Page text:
14th-Seed Bucknell Stuns No. 3 Kansas
Bucknell's Chris McNaughton banked in a hook shot with 10.5 seconds left and Kansas' Wayne Simien missed a jumper from the foul line as time expired, as the Bison stunned the Jayhawks, 64-63, in the first round of the NCAA Tournament.
No. 13 Vermont Upsets Fourth-Seed Syracuse
Germain Mopa Njila and T.J. Sorrentine drained clutch three-pointers in overtime, and Vermont held on for a thrilling 60-57 upset of Syracuse in the first round of the NCAA Tournament.
Georgia Tech Defeats George Washington
Jarrett Jack scored a game-high 20 points as the Georgia Tech Yellow Jackets defeated the George Washington Colonials 80-68 in opening-round action of the Albuquerque Bracket from the Gaylord Entertainment Center.
Slutskaya Wins Gold at World Figures
MOSCOW - Irina Slutskaya won the gold medal for the second time at the world championships Saturday, combining strength and style to cap an extraordinary season in which she prevailed despite a heart ailment and knee injury.
The Russian delivered a draining and dramatic program that featured seven clean triples to the delight of the home crowd.
"I'm happy because it's so difficult to come back so many times, to suffer so many misfortunes," said Slutskaya, who missed the 2003 worlds because of her ailing mother.
Sasha Cohen of the United States won the silver medal for the second straight year, and Carolina Kostner of Italy took the bronze. Michelle Kwan, the five-time world champion, was fourth, the first time since 1996 the American finished a world championship without a medal.
"I can leave Moscow satisfied, but disappointed, satisfied — kind of a roller-coaster ride and not as consistent as I wanted it to be," Kwan said.
The only indication of Slutskaya's health problems — an inflamed heart lining for which she's taking medication — was an apparent ebbing of energy in the steps sequence near the end of the program. It was a striking contrast from the worlds a year ago in Dortmund, Germany, where she was low-energy and uncertain and finished ninth.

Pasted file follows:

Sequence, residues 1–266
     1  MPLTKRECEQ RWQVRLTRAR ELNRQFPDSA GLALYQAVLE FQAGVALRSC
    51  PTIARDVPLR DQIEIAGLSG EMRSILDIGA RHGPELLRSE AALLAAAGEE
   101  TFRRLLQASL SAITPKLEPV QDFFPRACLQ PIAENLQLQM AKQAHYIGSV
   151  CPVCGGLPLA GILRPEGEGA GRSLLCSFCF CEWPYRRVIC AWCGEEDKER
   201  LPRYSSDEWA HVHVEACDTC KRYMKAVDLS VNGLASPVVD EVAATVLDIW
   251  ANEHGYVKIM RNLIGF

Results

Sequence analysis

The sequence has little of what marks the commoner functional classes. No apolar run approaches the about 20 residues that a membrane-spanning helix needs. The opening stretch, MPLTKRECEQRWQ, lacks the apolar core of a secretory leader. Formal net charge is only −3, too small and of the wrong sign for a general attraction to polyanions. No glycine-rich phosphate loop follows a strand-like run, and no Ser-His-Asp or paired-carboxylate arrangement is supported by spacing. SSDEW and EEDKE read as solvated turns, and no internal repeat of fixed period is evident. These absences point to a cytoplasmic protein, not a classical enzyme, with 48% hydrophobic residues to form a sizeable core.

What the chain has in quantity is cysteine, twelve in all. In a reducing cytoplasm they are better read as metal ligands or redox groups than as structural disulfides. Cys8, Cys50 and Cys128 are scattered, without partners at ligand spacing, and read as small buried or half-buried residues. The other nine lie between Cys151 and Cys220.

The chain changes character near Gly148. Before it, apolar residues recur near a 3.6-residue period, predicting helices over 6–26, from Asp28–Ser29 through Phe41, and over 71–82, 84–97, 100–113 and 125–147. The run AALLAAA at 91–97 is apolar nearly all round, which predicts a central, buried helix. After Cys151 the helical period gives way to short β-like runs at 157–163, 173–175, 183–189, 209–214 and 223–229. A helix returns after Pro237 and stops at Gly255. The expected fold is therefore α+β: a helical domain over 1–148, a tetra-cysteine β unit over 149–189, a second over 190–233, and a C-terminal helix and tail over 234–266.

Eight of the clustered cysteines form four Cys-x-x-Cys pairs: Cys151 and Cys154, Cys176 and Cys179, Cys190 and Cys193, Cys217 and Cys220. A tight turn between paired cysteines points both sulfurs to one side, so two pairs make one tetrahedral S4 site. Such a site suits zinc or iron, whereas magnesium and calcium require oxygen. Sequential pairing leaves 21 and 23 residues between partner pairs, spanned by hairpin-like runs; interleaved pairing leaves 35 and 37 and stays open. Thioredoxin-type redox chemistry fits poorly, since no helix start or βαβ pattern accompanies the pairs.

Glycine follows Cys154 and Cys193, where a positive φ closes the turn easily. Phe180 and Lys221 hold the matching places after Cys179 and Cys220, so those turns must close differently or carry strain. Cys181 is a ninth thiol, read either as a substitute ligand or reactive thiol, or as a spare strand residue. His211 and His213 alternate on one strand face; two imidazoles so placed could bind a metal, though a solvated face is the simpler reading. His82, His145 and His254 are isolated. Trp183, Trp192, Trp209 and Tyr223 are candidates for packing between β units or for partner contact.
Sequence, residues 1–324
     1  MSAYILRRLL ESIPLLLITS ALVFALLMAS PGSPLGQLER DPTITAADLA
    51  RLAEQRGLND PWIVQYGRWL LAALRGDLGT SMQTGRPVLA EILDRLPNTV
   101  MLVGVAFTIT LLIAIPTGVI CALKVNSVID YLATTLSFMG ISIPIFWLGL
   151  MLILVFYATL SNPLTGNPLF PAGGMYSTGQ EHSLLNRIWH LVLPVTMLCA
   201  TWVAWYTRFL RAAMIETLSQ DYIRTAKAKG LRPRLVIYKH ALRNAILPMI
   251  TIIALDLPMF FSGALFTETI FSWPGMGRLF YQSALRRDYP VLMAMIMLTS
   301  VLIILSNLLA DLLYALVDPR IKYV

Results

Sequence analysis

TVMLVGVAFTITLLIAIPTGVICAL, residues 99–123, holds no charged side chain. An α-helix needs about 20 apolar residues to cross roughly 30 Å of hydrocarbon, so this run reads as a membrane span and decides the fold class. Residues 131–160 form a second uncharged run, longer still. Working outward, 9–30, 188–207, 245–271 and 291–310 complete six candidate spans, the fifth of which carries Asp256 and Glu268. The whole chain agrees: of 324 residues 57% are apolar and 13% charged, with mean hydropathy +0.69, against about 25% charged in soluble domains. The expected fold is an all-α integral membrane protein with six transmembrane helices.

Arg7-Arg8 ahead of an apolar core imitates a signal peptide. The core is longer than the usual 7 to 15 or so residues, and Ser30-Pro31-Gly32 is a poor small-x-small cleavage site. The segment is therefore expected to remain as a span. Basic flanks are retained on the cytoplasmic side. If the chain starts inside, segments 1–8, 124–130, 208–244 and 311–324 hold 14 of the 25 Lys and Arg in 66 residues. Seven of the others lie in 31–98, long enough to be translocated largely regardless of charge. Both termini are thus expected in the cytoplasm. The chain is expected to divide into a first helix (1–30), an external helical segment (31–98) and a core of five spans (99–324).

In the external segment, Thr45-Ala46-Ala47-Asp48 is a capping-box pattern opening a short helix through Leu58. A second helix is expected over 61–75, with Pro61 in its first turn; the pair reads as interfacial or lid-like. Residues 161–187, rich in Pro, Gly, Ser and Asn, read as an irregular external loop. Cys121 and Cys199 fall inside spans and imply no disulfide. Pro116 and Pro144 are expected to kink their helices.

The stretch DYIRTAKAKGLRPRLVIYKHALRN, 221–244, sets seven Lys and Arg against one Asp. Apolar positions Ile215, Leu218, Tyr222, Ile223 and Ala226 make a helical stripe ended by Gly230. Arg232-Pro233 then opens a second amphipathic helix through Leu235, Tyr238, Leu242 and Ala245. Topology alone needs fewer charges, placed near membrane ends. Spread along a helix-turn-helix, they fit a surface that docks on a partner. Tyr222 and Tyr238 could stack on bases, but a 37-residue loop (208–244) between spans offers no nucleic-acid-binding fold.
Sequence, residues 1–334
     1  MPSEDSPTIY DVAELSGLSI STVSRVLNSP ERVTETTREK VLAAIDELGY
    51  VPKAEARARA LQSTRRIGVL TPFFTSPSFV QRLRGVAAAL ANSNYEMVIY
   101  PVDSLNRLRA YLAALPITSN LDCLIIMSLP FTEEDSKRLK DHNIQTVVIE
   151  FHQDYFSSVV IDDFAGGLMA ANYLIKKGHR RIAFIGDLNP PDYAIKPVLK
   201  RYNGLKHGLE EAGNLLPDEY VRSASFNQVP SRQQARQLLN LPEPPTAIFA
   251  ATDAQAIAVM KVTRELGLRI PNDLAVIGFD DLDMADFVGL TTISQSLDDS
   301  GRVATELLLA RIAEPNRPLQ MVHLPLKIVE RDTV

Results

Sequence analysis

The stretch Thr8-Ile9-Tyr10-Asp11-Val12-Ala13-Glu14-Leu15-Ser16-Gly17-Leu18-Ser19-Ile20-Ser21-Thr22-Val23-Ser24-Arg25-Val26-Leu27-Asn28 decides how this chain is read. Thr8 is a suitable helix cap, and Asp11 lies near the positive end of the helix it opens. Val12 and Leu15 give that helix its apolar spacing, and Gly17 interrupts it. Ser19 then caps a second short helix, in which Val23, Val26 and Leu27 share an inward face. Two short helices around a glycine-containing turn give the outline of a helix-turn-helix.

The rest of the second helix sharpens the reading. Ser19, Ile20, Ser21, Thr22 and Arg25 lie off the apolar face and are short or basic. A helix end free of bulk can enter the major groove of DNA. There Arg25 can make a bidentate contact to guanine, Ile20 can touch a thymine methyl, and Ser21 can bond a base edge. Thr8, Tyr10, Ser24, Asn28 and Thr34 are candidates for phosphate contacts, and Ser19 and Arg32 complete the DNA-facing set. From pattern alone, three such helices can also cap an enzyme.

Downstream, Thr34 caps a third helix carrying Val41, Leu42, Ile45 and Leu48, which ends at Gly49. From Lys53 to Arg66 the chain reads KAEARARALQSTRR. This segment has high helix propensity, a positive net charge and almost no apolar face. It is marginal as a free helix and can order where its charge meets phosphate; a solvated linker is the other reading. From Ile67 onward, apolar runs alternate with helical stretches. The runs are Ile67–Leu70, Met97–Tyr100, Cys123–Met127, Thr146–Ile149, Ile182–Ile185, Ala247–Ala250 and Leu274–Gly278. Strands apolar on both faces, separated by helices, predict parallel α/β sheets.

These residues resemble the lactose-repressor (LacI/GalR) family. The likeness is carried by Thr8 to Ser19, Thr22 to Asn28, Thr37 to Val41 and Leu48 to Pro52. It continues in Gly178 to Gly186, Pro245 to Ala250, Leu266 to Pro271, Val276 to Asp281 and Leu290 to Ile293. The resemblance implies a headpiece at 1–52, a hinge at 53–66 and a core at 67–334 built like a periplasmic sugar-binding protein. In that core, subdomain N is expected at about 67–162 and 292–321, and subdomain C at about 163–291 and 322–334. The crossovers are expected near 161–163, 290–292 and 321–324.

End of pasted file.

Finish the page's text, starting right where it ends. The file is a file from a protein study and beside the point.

Cohen was within three points of Slutskaya after the short program, but was nicked in the scoring for flaws in some jumps and for a triple flip in which she landed off-balance. She ended more than eight points behind Slutskaya, but seemed to regard the loss as more a challenge than a disappointment.
"I was really happy today," she said. "I stayed on my feet and I tried really hard and I'm really proud of my effort."
Cohen said the International Skating Union's new scoring system, used at the worlds for the first time this year, will help her refine her skating. The system gives precise scores for each technical element, rather than one general technical rating.
"You understand what's going on," she said. "You know the points mean something. You know that you bettered your performance, get more points. You can't really compare your performances under the 6.0 system."
Kostner capitalized on the new system's stronger technical emphasis with a triple-triple-double cascade that earned substantial points that helped offset small problems.
Kwan's performance in Moscow was her first under the new system. She was out of competition for most of the season, appearing only in a pair of invitationals before the worlds. Her free program, in which she fell on a triple salchow, lacked verve, although it was well above her qualifier, in which she skated the same program and ended ranked seventh.
"Ooh, bummer!" Kwan exclaimed after leaving the ice. "I was working on that salchow, too."
Russian skaters won gold in three of the four events, failing only in the men's after defending champion Evgeni Plushenko withdrew because of a groin injury. Switzerland's Stephane Lambiel won the men's event, his first medal of any kind in a major international competition, followed by Canada's Jeffrey Buttle and American Evan Lysacek in his debut appearance at the worlds.
In pairs, Tatiana Totmianina and Maxim Marinin won their second consecutive gold, followed by compatriots Maria Petrova and Alexei Tikhonov and China's Zhang Dan and Zhang Hao.
Ice dancers Tatiana Navka and Roman Kostomarov defended their championship. Tanith Belbin's and Ben Agosto's silver was the first medal for Americans in the event since 1985. Ukraine's Elena Grushina and Ruslan Goncharov took bronze.